Marine biofouling is destroying the environment. It makes ships more polluting, gives invasive species a free ride across the world to cripple fragile ecosystems and it costs the shipping industry over £100 billion per year. The antifouling coatings applied to protect ships from biofouling tend to be toxic, shed microplastic particles, and often have strict disposal regulations – which perversely leads to most ship recycling taking place on just three beaches in South Asia where such regulations can be best avoided, to the detriment of workers’ safety.
Biofouling happens when organisms such as bacteria, algae, and barnacles build up on unwanted surfaces, like underwater cables or hydropower turbines. When fouling occurs on ships it can dramatically increase the frictional drag they experience, meaning they consume up to 45% more fuel. This is particularly harmful as most large vessels are powered by Heavy Fuel Oil, which is extremely polluting.
We don’t often think about the shipping industry. Even the fervent post-Brexit discussions of UK trade hardly mentioned it, focusing instead on queues of lorries and threats to the automotive industry. Nevertheless, whether we notice it or not shipping has a massive impact on our day-to-day lives. Over 95% by volume of imports to and exports from the UK travel by sea, including oil, food, and medicines. We are an island nation after all, but worldwide the figure is still around 80%. To facilitate this there are over 60,000 ships in the world’s merchant fleet – that’s a lot of hull to foul.
Organisms don’t just settle randomly; marine biofouling is a structured hierarchical process. Within a few minutes of immersion, a conditioning film of organic molecules (mainly proteins and glycoproteins) will have formed on the ship’s surface. As the name suggests, this film ‘conditions’ the surface to make further attachments easier.
Within hours bacteria will attach to the surface, and if the conditions are right these bacteria will initiate biofilm formation to permanently adhere. Microalgae, diatoms and other microorganisms will attach to the biofilm after a few days, followed by the settlement of macroalgae, animal larvae and finally adult marine organisms like barnacles and tubeworms. In total, there are over 4,000 different biofouling species in the ocean and together they form complex ecosystems on submerged surfaces.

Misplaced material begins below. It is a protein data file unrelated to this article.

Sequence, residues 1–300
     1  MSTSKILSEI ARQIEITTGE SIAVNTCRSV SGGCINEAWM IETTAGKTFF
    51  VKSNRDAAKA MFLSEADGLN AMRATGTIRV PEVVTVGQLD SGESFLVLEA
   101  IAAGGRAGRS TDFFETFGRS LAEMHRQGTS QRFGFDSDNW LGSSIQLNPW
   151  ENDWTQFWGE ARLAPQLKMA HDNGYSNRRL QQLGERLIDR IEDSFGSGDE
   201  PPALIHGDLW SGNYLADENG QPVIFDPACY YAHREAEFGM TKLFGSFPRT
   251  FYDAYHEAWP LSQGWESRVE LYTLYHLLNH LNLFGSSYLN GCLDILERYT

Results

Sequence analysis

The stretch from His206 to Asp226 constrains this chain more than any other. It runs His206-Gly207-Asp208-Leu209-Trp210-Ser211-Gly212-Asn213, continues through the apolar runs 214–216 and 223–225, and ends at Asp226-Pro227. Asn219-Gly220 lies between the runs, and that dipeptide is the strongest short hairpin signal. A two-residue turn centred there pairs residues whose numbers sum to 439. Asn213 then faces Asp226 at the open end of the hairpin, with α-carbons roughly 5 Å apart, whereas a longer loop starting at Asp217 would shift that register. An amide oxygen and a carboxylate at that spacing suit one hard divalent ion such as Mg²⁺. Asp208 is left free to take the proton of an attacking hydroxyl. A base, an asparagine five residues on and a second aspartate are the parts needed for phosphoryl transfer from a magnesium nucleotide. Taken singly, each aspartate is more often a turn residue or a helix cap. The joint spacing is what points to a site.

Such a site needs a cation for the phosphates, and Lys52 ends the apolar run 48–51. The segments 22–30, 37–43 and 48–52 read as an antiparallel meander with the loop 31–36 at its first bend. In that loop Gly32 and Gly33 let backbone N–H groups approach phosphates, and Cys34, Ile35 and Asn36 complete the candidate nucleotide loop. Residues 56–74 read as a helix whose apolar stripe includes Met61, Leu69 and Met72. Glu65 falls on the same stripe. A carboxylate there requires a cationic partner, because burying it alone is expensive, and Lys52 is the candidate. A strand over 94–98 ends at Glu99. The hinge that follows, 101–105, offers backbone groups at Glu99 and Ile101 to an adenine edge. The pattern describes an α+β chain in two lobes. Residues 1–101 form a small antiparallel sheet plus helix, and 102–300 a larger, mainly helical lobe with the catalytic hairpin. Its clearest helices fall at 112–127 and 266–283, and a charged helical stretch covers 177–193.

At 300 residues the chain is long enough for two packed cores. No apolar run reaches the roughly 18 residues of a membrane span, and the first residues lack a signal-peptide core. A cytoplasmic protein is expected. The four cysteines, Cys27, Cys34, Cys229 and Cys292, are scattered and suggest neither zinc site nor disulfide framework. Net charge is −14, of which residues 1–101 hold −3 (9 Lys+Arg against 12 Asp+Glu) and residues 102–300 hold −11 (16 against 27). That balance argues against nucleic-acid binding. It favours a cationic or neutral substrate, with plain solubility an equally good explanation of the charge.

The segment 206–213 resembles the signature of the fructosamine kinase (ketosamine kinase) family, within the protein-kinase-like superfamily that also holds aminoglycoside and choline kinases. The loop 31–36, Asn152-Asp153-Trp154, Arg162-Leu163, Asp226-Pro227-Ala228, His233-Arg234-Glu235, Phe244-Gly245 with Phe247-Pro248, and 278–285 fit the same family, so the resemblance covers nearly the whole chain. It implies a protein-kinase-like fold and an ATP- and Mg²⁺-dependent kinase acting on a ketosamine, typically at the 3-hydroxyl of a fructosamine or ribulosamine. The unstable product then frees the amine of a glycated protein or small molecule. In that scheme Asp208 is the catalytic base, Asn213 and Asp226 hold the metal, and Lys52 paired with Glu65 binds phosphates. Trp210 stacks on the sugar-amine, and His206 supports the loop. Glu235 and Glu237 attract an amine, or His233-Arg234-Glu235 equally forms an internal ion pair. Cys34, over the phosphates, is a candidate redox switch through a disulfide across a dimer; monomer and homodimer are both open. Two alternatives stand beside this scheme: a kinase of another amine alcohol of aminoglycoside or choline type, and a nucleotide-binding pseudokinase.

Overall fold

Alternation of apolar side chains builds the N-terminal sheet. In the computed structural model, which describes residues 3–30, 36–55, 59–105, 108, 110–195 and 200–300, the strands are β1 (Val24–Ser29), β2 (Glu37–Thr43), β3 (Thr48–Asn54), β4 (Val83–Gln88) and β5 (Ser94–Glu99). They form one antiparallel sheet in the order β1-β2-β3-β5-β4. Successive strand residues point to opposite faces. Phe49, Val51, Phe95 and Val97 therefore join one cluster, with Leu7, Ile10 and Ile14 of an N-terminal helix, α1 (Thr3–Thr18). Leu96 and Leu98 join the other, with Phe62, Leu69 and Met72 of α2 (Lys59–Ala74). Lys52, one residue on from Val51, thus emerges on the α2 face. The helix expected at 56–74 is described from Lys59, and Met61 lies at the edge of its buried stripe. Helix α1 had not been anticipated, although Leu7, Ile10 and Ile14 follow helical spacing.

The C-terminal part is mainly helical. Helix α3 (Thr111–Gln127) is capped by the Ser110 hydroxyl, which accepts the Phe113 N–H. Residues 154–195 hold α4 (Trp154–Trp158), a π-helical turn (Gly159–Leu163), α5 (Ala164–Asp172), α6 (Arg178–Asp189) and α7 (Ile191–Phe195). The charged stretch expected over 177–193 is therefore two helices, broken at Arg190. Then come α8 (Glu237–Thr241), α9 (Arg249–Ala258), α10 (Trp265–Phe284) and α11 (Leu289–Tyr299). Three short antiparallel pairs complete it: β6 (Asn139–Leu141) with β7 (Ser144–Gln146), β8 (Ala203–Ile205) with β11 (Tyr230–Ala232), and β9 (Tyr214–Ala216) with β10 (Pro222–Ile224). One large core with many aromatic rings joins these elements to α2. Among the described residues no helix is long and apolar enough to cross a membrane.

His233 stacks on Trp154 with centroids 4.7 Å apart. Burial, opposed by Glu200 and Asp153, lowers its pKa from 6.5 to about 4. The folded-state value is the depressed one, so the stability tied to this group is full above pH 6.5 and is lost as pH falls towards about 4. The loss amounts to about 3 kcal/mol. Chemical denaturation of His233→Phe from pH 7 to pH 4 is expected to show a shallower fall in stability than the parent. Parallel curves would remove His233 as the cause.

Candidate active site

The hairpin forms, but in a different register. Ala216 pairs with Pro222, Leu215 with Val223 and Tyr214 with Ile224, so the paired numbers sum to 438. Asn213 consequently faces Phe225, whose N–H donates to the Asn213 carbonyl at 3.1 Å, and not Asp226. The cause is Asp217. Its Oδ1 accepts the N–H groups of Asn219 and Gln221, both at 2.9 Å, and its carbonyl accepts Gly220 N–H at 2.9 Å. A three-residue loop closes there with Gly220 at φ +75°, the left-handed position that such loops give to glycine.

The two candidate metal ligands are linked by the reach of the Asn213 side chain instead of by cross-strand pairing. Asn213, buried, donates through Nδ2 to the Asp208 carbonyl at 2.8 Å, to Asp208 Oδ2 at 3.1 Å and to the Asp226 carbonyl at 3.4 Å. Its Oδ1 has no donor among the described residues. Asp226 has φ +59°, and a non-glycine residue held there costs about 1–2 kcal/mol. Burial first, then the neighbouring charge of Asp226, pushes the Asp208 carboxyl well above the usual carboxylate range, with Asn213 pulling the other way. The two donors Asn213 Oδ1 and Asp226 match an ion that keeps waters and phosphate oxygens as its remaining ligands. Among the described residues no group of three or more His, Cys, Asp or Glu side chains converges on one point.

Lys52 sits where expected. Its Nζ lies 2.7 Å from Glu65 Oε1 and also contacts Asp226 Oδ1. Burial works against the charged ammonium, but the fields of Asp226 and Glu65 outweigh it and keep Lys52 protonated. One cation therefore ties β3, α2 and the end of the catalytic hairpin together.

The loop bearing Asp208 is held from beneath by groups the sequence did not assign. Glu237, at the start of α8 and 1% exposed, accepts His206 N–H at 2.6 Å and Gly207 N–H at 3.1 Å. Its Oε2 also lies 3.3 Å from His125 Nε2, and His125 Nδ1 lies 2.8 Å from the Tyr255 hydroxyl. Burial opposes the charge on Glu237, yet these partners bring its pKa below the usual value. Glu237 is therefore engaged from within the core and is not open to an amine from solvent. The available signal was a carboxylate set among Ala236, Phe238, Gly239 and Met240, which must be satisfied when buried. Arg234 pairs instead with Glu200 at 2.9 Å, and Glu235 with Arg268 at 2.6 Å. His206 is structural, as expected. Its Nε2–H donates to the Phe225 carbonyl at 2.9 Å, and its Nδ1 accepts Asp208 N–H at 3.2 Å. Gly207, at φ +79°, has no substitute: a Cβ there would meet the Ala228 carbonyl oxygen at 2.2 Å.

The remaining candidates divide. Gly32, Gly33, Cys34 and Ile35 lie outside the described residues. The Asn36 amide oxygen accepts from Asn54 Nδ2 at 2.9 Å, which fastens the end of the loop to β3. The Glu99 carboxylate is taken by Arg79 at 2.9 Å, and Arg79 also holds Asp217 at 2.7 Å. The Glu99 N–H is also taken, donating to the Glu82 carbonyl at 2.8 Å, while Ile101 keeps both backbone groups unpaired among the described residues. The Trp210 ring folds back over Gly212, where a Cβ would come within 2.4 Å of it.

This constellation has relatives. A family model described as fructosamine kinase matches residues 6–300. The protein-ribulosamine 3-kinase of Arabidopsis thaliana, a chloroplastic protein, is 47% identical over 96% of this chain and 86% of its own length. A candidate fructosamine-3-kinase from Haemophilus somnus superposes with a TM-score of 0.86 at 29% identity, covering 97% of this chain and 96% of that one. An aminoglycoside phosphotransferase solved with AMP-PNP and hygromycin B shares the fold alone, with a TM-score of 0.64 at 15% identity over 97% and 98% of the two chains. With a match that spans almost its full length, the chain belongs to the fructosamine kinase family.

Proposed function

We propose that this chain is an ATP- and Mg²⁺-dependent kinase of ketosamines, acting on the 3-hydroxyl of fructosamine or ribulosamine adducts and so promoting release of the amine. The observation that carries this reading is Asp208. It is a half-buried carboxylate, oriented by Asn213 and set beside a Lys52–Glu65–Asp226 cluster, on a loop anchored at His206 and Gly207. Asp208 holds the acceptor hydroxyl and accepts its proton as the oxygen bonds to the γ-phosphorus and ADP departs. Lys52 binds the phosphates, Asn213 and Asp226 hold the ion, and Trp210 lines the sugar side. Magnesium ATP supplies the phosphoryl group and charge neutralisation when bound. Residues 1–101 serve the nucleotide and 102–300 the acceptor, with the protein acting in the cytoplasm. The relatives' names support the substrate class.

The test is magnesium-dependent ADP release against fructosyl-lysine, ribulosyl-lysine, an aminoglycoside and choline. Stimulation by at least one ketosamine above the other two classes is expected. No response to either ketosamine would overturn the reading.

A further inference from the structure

In the age of globalised trade, ships can transport these miniature marine ecosystems thousands of kilometres from their usual spots, sometimes to vast-yet-fragile environments where they can cause untold harm. Creatures hitching a free ride on ships’ hulls have been recognised as an important source of non-indigenous species to many nations’ waters, including Australia, Japan, and the US. In New Zealand, where the marine environment is recognised as a global biodiversity hotspot, 87% of invasive marine species are suspected to have arrived due to ship biofouling.
To counter biofouling, ships tend to be equipped with antifouling coatings. The ancient Phoenicians are credited with devising the earliest antifouling coatings around 700BCE – attaching large lead sheets to cover their wooden ships. Unfortunately, most antifouling technology is still similarly toxic over 2,700 years later. Modern biocidal antifouling coatings usually contain a copper-based biocide which is released into the surrounding water to kill biofouling organisms. These coatings are also usually polymer-based, meaning they shed microplastic pollution into the oceans. Recent research has shown that these biocidal antifouling paint particles are toxic to sediment-dwelling organisms like cockles and ragworms and remain so for decades.
At the end of a ship’s life the toxicity of these coatings presents further problems, with increased regulation of ship recycling in the Global North increasing recycling costs – and fuelling more dangerous practices in developing nations. Every year around 800 ships reach the end of their lives, and research from the NGO Shipbreaking Platform indicates that around 70% of these are broken up on just three beaches in India, Pakistan and Bangladesh. More than 400 deaths have been recorded on these beaches since 2009, with the International Labour Organization classifying shipbreaking as one of the world’s most dangerous occupations. Child labour is also rife, with research suggesting 13% of workers in Bangladesh are under the age of 18.
Despite the EU recently implementing strong ship recycling regulations – and the UK keeping those regulations following Brexit – very little seems to have changed in practice. This is in large part due to the ‘flags of convenience’ phenomenon, whereby ships are flagged (and therefore follow the rules of) a country different from their country of ownership. This means international collaboration is vital. Until then, developing safer antifouling coatings could go a long way to improving the lives of workers in developing nations and protecting Earth’s marine life.
Image: Kereplaz via Flickr